Would you be outraged if your child was exposed to violence?  Would your community consider this unacceptable? 

That’s what I thought.

Then why do we, as a society, tolerate this when it comes to homeless youth?

In 2009, Bill O’Grady and I interviewed 244 homeless youth in Toronto.  We asked them about their life on the streets and if they’d ever been a victim of crime.  What we found was astounding and we’ve documented it in our report: Surviving Crime and Violence: Street Youth Victimization in Toronto (2010).

People tend to think of homeless youth as trouble makers and delinquents; as perpetrators of crime rather than victims.  But that’s not what we found.  In reality, street youth are often the victims of violent crime.  This is mainly because of the vulnerability they face by not having a home.  To make matters worse, we found that this victimization isn’t really being addressed by the police or the courts. 

Here are some of the Key findings fromour research:

  • When young people become homeless, they are much more likely than youth with homes to be victims of crime and violence.
  • Young women in particular are much more likely to be victimized, and report high levels of sexual assault and partner abuse.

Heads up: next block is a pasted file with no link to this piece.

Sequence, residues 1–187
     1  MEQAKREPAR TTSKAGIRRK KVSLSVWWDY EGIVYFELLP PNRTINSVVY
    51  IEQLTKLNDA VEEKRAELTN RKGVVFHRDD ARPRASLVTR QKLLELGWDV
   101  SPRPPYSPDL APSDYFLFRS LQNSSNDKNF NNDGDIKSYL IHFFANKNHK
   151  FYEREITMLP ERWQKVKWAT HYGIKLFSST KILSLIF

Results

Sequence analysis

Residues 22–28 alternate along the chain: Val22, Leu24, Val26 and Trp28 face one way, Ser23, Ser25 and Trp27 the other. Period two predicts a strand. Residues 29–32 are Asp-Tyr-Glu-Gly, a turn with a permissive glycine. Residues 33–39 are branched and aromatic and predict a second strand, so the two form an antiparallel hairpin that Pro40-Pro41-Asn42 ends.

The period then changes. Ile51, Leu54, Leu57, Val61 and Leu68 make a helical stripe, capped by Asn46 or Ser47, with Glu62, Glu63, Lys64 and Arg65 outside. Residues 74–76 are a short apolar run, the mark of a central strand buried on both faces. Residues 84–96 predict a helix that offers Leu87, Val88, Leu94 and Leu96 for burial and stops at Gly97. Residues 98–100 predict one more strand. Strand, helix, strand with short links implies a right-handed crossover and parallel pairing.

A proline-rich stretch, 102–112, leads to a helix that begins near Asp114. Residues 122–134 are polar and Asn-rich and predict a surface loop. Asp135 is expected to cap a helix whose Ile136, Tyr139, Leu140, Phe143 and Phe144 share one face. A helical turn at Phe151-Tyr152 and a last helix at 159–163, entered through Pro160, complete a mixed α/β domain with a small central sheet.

• The younger you are, and the earlier you leave home, the more vulnerable you are to criminal victimization.
  • The solution to this problem lies in changing the way we address youth homelessness.

If the levels of violence and crime found in our study were experienced by any other group in Canada, there would be immediate public outrage and pressure for the government to take action. Street youth deserve that same level of outrage directed toward their personal safety. They deserve the same response that any other group in Canada is entitled to.

I have written about this subject before, and with this new research, I am even more convinced that our current response to youth homelessness is not working. There is no doubt that being homeless puts young people at a high risk for violence and crime, and that we should be doing anything and everything we can to give young people the safety and support they need to get off the streets.

For street youth to have an opportunity to move forward in life, they need to be safe and protected from all forms of crime. Having a roof over ones head should not be a factor here and we need to press our government to make changes so that young people who become homeless have real options.

Surviving Crime and Violence report cover
Media Folder: 


You can find the report, which includes our findings, recommendations and much more on the Homeless Hub.

Stephen Gaetz talks about street youth as victims of crime. Watch the video

Listen to Stephen's interview with CBC Metro Morning.

Surviving Crime and Violence: Street Youth Victimization in Toronto was created for Justice for Children and Youthand was written by Stephen Gaetz, Bill O’Grady and Kristy Buccieri.

Stephen GaetzProfessor & Director of the Canadian Observatory on Homelessness/Homeless HubYork University